The Lowdown to 22nd May 2015
In this week’s issue
- Equity markets continue their march upwards but the Fed has their finger on the trigger.
- US treasury yields begin to factor in the first US interest rate hike for many years.
- The US dollar reacts to forthcoming monetary tightening as the euro weakens from ECB talk.
- The Japanese Nikkei 225 and China’s Shanghai Composite indices rally to new highs.
- In the commodity markets both gold and Brent crude oil prices drift lower.
- The month of May sees global investors remain loyal to equity markets.
What does this mean for the markets and asset classes?
“Fed chair Janet Yellen talks of rate rise this year with if as a precursor”
The continual debate as to whether the Fed will raise US interest rates this year rages on, which in turn, has seen the equity, bond and currency markets trying to anticipate Janet Yellen’s next move. This game of “cat and mouse” of “will they or won’t they” has become a rather tedious affair. If you look at recent US economic data, even if patchy at times, their economy is continuing to strengthen; therefore, raising interest rates by a marginal amount in June or September would seem a sensible decision. Equally, there are still some sceptics in the market place that believe that the Fed is already behind the curve and therefore heading for trouble.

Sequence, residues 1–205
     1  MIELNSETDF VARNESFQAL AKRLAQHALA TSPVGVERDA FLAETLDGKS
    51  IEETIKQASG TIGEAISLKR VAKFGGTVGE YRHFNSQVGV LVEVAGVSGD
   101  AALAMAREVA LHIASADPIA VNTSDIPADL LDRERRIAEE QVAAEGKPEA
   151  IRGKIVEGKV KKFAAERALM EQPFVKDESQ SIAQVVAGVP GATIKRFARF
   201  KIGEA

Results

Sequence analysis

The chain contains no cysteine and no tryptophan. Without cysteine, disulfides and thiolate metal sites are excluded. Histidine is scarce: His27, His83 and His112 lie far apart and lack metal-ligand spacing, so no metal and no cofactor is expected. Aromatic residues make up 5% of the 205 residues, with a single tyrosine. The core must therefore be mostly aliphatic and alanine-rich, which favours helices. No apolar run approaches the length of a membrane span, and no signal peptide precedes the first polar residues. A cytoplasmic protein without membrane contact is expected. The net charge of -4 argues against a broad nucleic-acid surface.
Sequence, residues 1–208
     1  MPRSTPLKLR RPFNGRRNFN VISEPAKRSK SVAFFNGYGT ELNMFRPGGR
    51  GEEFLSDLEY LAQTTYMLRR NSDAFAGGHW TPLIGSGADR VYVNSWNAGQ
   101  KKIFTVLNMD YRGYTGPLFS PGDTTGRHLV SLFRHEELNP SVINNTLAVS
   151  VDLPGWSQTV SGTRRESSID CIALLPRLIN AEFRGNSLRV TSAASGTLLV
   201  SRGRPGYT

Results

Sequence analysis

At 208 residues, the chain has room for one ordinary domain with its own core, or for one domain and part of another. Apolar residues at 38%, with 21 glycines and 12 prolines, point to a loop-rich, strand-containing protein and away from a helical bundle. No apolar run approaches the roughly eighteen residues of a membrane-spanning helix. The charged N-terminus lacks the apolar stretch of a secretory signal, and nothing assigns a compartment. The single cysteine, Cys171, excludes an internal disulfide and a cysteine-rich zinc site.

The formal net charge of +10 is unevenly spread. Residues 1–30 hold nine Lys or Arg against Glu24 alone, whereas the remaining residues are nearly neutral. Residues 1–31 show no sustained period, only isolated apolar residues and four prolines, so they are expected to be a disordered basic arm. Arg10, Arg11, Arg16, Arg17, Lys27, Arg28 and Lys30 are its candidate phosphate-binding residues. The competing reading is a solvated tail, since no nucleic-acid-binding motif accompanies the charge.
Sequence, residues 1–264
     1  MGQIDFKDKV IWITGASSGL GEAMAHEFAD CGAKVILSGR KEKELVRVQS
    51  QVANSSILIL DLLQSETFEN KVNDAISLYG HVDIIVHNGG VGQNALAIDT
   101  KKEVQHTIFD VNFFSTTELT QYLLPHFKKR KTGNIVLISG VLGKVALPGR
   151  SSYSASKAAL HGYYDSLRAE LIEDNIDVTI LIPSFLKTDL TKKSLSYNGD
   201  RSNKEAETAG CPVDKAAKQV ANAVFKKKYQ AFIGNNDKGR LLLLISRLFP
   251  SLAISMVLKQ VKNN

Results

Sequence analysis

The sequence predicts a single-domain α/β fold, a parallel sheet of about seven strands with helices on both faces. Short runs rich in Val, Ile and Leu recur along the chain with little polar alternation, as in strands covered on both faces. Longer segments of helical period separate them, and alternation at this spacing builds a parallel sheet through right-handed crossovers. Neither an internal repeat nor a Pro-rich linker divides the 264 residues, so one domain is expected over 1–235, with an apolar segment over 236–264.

Interestingly enough, in last week’s Fed statement, Janet Yellen, said that the US economy was “well positioned” for continued growth, even if expansion was likely to be moderate due to factors such as a slow improvement in the housing market, modest business investment and persistent weakness in the energy sector. However, more intriguing was her comments on unemployment and the inflation rate, where she acknowledged that the Fed could not afford to delay tightening until their objectives had been met. She then went on to say that “if the economy continues to improve, as she expects, then it will be appropriate at some point this year to take the initial step to raise the federal funds rate target and begin the process of normalising monetary policy”.
Unquestionably, the issues surrounding job creation, weak productivity data, and the tepid pace of wage gains has confounded the Fed on more than one occasion over the past few years. Indeed, just last month the job numbers were an improvement on the previous month, which in turn, completely surprised the market. Conversely, whilst the unemployment rate has fallen to its lowest level since May 2008, with the jobless rate down to 5.4 per cent, wage growth still remains the sticking point, given its modest pace of acceleration. However, some companies such as McDonalds and Walmart are planning to raise hourly pay for many workers to at least US$10.00 an hour from next year.
Equally, even looking at the subdued inflation rate, we have recently seen the numbers for the core US consumer price index, [which excludes volatile food and energy prices], rise by 0.3 per cent, its biggest monthly increase since January 2013. Undoubtedly, if the recent US economic data were to continue improving, then it would become quite difficult for the Fed to ignore it and leave interest rates at near-zero.